At last week’s Google Dance Tokyo, during the Q&A, Gary Illyes was asked about Google rewriting title tags, and if Google would ever allow SEOs the ability to prevent Google from rewriting them. And Illyes had some interesting responses on both of those.
We will never quit rewriting titles. We’ve seen so many sites whose title really suck. A lot of sites have no title; a lot of sites have a title saying “Top Page”.
In fact, Google almost always rewrites titles. We couldn’t provide useful results to our users if we quit rewriting titles. Experiments showed us users preferred written titles. So, we’ll continue to write titles.
Illyes is definitely right, there are some horrible titles on webpages out there, even large ones. Whether it is putting the site name first for every single title tag, or just having the site name as a duplicate title on every page of the site, there are definitely a ton of ways that website owners have accidentily tried to shoot themselves in the foot when it comes to titles. And when it comes to searchers, they aren’t likely to click a title tag if it merely says “Homepage” unless it is exactly the homepage they are looking for.
It is interesting that Google does do that much title rewriting, and we often see titles for the same page change based upon the query. This can increase CTR if Google can change the title to one that shows the page to be relevant to the search query, but the webmaster’s chosen title might not reflect that best for the query.
When it comes to Google providing a tool, such as a meta tag, to prevent a page’s title from being rewritten, Illyes said not to expect anything like that, since it has such a potential to be spammed.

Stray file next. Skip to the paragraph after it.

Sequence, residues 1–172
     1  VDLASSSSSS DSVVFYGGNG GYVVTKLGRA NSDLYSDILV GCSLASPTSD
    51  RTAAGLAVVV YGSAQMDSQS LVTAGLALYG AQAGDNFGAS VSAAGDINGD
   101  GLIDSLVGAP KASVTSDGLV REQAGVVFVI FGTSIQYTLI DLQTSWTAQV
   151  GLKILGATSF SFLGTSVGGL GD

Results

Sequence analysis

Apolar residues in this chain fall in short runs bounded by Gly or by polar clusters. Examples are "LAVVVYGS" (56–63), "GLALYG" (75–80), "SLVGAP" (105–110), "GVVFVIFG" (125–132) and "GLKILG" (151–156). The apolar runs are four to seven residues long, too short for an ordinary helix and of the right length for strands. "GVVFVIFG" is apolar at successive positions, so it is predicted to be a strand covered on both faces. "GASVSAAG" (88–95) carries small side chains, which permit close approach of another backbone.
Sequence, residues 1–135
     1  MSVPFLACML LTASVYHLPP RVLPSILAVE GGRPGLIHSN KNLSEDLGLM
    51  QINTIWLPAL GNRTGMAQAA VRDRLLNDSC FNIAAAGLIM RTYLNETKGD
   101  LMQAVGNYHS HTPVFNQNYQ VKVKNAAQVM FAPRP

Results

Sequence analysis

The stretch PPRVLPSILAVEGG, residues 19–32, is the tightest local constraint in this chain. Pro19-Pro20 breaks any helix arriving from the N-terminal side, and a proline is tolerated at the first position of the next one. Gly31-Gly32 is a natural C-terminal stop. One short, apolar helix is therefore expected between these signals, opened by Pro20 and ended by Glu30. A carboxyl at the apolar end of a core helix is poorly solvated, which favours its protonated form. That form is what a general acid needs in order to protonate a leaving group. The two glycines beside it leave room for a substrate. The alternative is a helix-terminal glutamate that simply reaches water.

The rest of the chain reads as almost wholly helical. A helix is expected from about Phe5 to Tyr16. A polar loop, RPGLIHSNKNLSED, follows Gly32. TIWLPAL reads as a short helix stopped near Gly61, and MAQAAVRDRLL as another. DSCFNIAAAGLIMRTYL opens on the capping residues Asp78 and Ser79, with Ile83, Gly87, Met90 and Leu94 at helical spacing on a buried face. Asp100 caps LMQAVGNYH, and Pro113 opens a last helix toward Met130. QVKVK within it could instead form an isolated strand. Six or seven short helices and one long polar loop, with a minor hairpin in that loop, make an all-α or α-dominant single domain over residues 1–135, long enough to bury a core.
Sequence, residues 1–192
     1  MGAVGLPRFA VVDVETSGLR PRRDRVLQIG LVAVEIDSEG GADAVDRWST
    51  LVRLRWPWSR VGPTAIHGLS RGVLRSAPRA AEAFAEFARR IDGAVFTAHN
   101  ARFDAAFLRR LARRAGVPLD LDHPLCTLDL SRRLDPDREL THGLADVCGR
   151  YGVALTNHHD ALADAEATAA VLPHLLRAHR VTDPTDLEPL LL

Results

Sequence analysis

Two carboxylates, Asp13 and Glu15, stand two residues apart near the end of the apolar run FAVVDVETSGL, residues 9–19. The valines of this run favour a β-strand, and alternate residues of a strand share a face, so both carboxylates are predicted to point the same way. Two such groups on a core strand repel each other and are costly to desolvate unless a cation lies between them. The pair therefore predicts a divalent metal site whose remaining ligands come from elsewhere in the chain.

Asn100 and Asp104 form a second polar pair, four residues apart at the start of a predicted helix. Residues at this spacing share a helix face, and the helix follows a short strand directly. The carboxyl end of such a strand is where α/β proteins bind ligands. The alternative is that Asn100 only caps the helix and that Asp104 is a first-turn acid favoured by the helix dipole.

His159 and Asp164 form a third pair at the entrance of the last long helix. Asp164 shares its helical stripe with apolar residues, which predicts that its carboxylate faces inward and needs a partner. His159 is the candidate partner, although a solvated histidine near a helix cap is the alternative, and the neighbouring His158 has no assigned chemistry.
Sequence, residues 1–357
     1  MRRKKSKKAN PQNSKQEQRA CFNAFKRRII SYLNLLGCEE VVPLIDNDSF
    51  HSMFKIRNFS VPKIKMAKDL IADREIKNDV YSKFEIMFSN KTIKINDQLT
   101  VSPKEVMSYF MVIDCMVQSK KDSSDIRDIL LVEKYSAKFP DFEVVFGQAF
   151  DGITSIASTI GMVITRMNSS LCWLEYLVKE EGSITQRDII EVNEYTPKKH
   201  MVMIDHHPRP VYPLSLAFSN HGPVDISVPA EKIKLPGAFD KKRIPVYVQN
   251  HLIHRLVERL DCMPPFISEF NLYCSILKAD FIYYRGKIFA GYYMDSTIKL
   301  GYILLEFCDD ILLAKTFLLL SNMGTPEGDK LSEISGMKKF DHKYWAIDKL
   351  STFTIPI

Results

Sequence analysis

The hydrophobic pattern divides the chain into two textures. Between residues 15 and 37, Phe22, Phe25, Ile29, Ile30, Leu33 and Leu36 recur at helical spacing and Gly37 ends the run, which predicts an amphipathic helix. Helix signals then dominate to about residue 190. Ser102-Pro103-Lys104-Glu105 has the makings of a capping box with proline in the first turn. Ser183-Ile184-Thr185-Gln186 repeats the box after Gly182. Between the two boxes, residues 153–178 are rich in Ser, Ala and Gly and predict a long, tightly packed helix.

We also won’t provide ways to prevent rewriting entirely. We anticipate they can be abused. For example, keyword stuffing.
Lastly, he has advice for SEOs who aren’t happy with how Google is rewriting their titles
Send us feedback that are on the bottom of search results pages if you don’t like rewritten titles.
Last year, Aaseesh Marina from Google talked about rewriting title tags and how they can be based on things like anchor text.
Thank you to Kenichi Suzuki, a Google Top Contributor in Japan and popular SEO blogger, for translating the Google Dance Q&A for The SEM Post. We will have his full Google Q&A report tomorrow.
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Jonathan Jones says
What about meta descriptions? I’ve got an example where Google have scraped content from a page and what they’ve added to the description is pure gibberish or a mash up of sentences from various parts of the page. Our meta description is fine… I’m not really complaining too much about it because we know occupy three lines instead of the natural 2, so we are getting more SERP real estate.